I've never had trouble with blue;
Not the kind of trouble you'ld imagine, anyway.
Blue isn't sticky or hot,
It isn't painful, doesn't get in your way.
It might feel a bit weighty sometimes,
But no more than that.
I suppose if I was a criminal I'd be afraid of blue -
A big criminal, that is,
But being only a very small criminal, and friendly at that,
I find the blue a pretty friendly place.
And if ever I have to do an honest day's work,
Which isn't too often,
Then I find the blue
Is a good place to go afterwards to recover.
You might think that blue is difficult
To get hold of, difficult to see;
But I've never found that.
When I was very small, everything was blue,
Especially other people's eyes.
Where I lived as a boy,
The hills in springtime were covered with blue:
Millions of blue bells
Clothing the hills in glorious raiment,
Filling the woods with paeans of joy.
When I was six my mother took me
Over the hills surrounding our valley,
And suddenly, there, way down over the other side,
Very far below and a long way away,
Was the steel blue sea, vast, enormous, curved, beyond measure,
Echoing the enormity of the pale blue sky above.
There wasn't any lack
Of dark blue either in my childhood:
The night sky was pretty dark blue even though
There were a million stars.
I had no grey hairs when I discovered that blue
Lay in a kind of haze around grave stones;
It descended particularly thickly, like a kind of fog,
When my grandfather died.
Of course I assumed he'd just drifted off in it.
How I wanted to fly off into the blue myself;
But my body being much too heavy
I had to wait for dream-time,
And then there was no holding me back;
I was off into the blue like a shot.
At school, I met blue in the physics lab:
There were big fat blue sparks,
And incredible blues singing out of the spectroscope.
And when I looked through a telescope
There seemed to be an awful lot of dark blue
Between me and the moon,
Which is where I wanted to go.
We had a swimming pool at boarding school
And the water and the bottom and sides of that were blue.
I never had any problems diving into that blue pool,
Even into the end where the blue bottom
Seemed a long rippling way down.
When I got a bit older and began to notice girls,
Things got even bluer.
Especially when girls were around
But even the blue absence of girls was absorbing.
I soon found that all singers sing in blue,
And it all seemed too true.
Blue was the way things were,
The way things had to be.
What wasn't blue wasn't true.
The blue vanished for a while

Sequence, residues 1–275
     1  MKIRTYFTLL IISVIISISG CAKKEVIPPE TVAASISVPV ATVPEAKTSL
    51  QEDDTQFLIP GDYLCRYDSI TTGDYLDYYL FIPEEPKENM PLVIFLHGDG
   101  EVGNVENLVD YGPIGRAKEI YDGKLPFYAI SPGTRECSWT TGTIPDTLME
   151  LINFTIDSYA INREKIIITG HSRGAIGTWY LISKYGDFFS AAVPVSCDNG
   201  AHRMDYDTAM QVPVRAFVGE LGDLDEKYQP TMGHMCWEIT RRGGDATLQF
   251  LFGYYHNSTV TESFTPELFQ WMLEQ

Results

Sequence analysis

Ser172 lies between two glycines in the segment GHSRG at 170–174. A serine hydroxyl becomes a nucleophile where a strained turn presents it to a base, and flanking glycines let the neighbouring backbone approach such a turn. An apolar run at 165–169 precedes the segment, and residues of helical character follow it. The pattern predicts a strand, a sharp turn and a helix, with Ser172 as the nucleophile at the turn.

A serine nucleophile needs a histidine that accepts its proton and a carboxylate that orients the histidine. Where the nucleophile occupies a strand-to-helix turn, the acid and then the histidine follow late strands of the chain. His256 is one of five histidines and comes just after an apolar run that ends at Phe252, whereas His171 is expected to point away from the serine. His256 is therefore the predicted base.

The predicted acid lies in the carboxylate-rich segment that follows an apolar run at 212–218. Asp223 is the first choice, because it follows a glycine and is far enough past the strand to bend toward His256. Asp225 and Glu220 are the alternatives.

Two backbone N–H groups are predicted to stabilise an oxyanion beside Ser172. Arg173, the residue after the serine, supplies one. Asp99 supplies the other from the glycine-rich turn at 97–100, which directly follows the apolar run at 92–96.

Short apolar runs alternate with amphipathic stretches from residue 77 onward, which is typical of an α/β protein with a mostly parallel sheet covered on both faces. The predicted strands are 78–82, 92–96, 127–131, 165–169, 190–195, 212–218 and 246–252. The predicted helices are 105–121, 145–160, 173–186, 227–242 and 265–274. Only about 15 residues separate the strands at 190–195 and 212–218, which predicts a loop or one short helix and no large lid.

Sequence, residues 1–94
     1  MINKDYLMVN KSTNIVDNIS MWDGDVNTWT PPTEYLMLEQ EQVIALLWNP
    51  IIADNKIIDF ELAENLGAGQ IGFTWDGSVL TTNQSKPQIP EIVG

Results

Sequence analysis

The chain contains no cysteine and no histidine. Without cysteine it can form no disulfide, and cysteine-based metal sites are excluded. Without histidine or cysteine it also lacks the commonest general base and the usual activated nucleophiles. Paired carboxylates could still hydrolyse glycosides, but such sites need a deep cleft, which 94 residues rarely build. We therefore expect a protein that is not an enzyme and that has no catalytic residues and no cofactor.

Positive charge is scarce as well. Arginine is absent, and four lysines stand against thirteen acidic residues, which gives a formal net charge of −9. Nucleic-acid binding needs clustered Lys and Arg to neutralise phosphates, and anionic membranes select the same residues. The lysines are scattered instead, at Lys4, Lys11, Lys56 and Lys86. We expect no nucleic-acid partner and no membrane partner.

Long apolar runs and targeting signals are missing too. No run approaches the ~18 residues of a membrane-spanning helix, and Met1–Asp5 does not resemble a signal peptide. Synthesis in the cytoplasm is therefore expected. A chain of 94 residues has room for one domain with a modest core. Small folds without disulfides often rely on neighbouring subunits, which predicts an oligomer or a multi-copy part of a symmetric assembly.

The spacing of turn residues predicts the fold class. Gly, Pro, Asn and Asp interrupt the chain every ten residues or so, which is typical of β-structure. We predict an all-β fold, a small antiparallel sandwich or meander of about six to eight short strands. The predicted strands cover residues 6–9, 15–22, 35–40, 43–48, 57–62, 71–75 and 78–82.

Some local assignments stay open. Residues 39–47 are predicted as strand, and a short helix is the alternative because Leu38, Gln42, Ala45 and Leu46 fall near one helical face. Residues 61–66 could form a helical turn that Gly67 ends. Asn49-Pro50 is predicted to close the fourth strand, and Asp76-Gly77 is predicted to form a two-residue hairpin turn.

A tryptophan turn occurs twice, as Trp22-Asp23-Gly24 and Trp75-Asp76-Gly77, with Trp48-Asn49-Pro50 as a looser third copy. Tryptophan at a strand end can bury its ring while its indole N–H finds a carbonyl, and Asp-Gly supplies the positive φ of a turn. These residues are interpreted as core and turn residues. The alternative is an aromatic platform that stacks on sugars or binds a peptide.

When my first love showed up,
But I felt so strange without blue
That I brought her a big blue sapphire
Which dangled snugly where I had intended,
Reminding me and her
Where Truth sometimes lay
But not for long.
And when I first spent the night with a girl
I got yet another angle on blue.
When I got married, blue seemed to recede for a bit,
But after a while, blue came looking for me,
As if to say "Where have you been?"
Then I began to look at paintings,
And I noticed a lot of blue in them,
Especially in the Trés Riche Heures
Of the Duc de Berry.
The blue of those paintings
Seemed to be saying something -
Singing of freedom and joy;
This was a blue different
From the blue I'd been used to.
The blue I'd been used to was kind of blue blue;
It started somewhere in your guts
And shone right through you
And everything else, every other colour
Was kind of on top of that -
Less than blue, coming out of blue, returning to blue.
I painted in blue too.
I painted blue mountains, rank on rank,
Growing fainter and fainter into the distance
Until they disappeared into the distant blue sky
Out of which they materialized again.
It seemed to me perfectly obvious
That blue was the basic colour
Especially when one day I went up Mont Blanc
And saw that even rocks and ice and snow were blue.
One day, assisted by metal wings,
I took to the sky;
How wonderful to float in it -
To float in a vastness of pure blue
So vast that it dwarfed the broad earth;
So vast that it outstretched even the mountainous clouds
And the foam flecked blue-green sea.
I went to New Zealand to see
If the blue at the bottom of the world
Was the same as the blue at the top.
It was just the same,
But when they told me there
That I had a blue aura
I began to suspect
That I couldn't be objective about blue.
In any case, the Antipodean lasses
Made me feel as blue as I had ever felt.
Is blue really real, I thought to myself one day
As I ate a bowl full of Psilocybe mushrooms.
Half an hour later my eyes were fixed
On the blue door
And I knew it to be the doorway to Paradise.
I walked through it
And the sky outside was huge, grey-blue,
Crowded with dark blue elephants of heaven.
And standing proudly in the midst of space
Was the perfect arc of a rainbow,
And I knew that my old friend Akshobhya
Was not far away.
Even the car that we drove in was blue -
A rich, dark, velvety blue.
Years later I was in the Orient;
There the sky is a blue
Difficult to imagine
Until you have seen it.
On the island of Ceylon the blue is so blue
It seems to press down on and penetrate everything -
It's irresistible, adamantine blue.
But of course it's subtle too, that Ceylonese blue.
Sometimes it's pale, so pale that you wonder
Whether it's blue at all,
Or whether it's your own mind you're seeing.
But more often it's that rich, luminous, velvety blue
That baffles the eye and baffles the brain:
Where is the blue?
Is it near or far, inside or outside?
Now, in middle age, I have no real difficulty with blue.
My blue has become deeper and more pervasive.
It has filled my head, my lungs and my heart.
Turning towards a picture of the Buddha,
I feel the blue in and around me
Is continuous with the blue in and around Him.